Gregory Noonan – 1951-2009
Raise A Toast To Greg
It is with great sadness that we received the news of the passing of brewing legend Greg Noonan after his brief fight with cancer. His enthusiasm for craft brewing was infectious and will continue to influence artisan brewers forever. Dog-eared and wort stained copies of his books can be found on the shelves of many serious home brewers and in most microbreweries.
To meet Greg for the first time was like running into a long lost friend. He would talk endlessly into the wee hours about beer and brewing with perfect strangers generously offering all he knew for the asking. Helping many brewers make the jump from hobby to professional, he happily offered all of his knowledge and experience while mentoring those that were following in his footsteps. There is no doubt that the outstanding reputation Vermont brewers enjoy today was built upon the foundation Greg laid more than two decades ago. However, his contribution to the craft went well beyond the technical, he never let us forget the pure joy that comes from a well crafted beer shared with friends.
So many remembrances have been offered by those touched by the life of this brewing pioneer, but one posting to the Beer Advocate website by Rock Art Brewery owner Matt Nadeau sums up how many of us feel; he writes, “A great loss, but better, a great man to have known for as long as I did. I wish you the best, and I hope you can change the old saying, ‘There is no beer in heaven, that’s why we drink it here’ because if anyone can it will be you my old friend…Peace.”
When I was an apprentice brewer at Catamount Brewery, I drove up to Burlington to attend the release of a new beer at Vermont Pub and Brewery. It was 1990, and craft brewing had just come to Vermont. The beer that I drank that night was what I now call archeological brew, an attempt to imagine what the pilgrims might have brewed with local ingredients. Wheat instead of malted barley, spruce instead of hops, and maple syrup to replace the sugars used by British brewers to complete their beers. The man presenting his creation was Greg Noonan, who just two years earlier had introduced a bill in the Vt. Legislature to allow brewpubs to exist in the state. Greg mesmerized me. With his deep, FM D.J. voice, and a stunning knowledge of beer history, he set me on the path that would lead me to become a brewpub brewer. I learned that night that artistry and historical canon were just as important to the craft brewer as the science I had been learning. And the beer was amazing.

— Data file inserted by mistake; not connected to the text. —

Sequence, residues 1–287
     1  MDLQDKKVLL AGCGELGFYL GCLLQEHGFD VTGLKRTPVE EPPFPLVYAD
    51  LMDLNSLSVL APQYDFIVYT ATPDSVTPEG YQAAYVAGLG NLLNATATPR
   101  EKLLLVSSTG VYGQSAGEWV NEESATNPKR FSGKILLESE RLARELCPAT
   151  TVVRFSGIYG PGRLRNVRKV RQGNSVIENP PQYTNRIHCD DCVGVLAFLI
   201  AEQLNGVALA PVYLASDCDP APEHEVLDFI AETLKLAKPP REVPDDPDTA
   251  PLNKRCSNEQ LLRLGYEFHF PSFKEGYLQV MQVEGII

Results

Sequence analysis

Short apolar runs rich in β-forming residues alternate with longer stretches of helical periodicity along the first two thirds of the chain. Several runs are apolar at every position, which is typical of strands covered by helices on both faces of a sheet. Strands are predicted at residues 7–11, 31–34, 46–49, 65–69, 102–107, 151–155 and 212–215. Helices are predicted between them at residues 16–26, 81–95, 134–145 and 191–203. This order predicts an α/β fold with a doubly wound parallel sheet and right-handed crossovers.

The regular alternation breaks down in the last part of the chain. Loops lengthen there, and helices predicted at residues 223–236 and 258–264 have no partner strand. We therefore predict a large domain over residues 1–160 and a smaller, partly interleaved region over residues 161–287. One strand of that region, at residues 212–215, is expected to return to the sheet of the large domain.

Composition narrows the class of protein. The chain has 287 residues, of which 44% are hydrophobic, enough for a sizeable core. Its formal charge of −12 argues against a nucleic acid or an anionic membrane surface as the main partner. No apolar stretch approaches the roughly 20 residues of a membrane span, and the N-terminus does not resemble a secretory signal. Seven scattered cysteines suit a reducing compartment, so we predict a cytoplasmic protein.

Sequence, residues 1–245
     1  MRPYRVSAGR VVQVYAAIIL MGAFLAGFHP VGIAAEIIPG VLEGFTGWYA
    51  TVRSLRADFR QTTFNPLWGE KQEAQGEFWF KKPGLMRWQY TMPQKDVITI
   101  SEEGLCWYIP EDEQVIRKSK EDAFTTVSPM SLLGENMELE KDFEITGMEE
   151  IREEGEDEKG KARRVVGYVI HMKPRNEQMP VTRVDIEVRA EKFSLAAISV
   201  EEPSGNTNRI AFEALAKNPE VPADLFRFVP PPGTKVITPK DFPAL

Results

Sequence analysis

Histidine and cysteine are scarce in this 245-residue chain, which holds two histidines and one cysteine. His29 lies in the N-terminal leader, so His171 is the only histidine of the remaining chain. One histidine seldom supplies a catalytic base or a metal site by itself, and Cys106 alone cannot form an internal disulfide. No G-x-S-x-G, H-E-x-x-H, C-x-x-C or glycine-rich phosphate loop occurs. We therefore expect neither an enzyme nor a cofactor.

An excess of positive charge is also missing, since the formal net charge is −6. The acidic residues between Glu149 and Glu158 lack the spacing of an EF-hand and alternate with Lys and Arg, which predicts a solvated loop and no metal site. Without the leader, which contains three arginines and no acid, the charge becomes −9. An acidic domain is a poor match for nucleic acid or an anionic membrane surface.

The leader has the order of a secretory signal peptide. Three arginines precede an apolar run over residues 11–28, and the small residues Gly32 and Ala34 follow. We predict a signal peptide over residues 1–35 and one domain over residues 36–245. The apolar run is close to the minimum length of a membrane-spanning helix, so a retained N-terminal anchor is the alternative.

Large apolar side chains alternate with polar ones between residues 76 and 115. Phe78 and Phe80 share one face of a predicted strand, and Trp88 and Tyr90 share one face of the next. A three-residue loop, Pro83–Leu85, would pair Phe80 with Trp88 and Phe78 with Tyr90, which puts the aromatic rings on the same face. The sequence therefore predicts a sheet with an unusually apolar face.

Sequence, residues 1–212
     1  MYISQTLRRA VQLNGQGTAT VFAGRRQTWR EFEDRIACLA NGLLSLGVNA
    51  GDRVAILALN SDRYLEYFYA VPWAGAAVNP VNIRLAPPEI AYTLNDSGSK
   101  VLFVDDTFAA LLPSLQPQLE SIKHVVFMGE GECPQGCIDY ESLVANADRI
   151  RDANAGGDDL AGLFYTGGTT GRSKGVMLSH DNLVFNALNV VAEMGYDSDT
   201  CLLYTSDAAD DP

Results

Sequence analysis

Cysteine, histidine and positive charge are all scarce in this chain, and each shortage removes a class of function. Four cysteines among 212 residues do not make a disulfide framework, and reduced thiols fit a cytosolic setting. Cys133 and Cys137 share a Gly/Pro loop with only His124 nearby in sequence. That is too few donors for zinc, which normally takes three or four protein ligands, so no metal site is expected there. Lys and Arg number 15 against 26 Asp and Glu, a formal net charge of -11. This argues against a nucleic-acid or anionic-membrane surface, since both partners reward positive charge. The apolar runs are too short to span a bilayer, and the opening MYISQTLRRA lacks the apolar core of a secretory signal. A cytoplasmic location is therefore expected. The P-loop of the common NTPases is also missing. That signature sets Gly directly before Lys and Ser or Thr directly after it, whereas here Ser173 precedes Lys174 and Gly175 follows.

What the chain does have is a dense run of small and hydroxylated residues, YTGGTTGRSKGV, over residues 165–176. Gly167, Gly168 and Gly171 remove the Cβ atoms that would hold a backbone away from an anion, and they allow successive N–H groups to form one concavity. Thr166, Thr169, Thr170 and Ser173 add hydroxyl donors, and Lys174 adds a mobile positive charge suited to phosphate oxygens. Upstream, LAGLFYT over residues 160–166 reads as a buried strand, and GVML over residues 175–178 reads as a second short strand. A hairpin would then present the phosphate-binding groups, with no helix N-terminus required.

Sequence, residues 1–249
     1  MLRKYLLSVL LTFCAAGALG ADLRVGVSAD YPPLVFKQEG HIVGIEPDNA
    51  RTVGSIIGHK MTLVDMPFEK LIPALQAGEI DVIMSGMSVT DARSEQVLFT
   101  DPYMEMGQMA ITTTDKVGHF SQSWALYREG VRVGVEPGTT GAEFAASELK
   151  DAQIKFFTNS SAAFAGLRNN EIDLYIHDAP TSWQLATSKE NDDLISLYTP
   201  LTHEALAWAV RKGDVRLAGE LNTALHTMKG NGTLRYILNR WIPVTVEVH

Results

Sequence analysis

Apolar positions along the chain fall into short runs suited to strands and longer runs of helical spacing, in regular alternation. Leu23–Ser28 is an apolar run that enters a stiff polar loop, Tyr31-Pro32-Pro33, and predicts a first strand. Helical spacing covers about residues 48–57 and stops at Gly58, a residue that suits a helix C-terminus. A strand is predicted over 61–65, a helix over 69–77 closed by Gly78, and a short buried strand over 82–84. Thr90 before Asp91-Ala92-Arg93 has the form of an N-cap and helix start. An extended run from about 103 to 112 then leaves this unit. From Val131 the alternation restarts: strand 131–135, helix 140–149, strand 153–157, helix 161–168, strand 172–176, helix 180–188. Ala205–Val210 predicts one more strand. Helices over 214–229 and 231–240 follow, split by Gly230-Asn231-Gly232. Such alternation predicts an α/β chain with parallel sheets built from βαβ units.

Over the following ten years, I was in and out of touch with Greg, until I returned to Burlington in 2000. He was always in view for me though, because he was a national figure as a writer and speaker on beer. His Brewing Lager Beer was an essential turning point for many home brewers and professionals, bringing into the craft scene an all-important pillar of beer brewing. His Scotch Ales was the go-to treatise on the wonderful beers of Scotland. And his pub was a destination for brewers and beer aficionados from all countries.
When I returned to Vermont, hoping to rejoin the brewing community here, Greg welcomed me back with that ever-present warmth and enthusiasm that he exuded with every person that he met. I returned to a vibrant brewing scene in which Greg urged, cajoled, and led his fellow brewers to be themselves and brew beer that was both truly local and yet universal, in its adherence to brewing history.
As a publicans’ Publican, Greg was the master host, sitting at his bar on the coldest night of the year, or at the height of Vermont’s great invitational event—the Vermont Brewer’s Festival. Whenever I could, I would join Greg to try some special beer or other . . . acquisitions of Rodenbach Grand Cru or a perfect Barleywine in the English style. Those nights are some of my most precious memories. Greg was always “all-there,” a man who lived fully in the present moment, with joy and vigor. And he was that for all the people in his life, especially the people who worked and now work at the Vermont Pub and Brewery.
Those of us who have known Greg are now missing him—he passed away last Sunday night, in his sleep. He led our community well, as the frequent president of the Vermont Brewer’s Association, and as a leading citizen of this town. A kind man, an amazing brewer, and the best of friends. This world is a changed place without your great heart, Greg.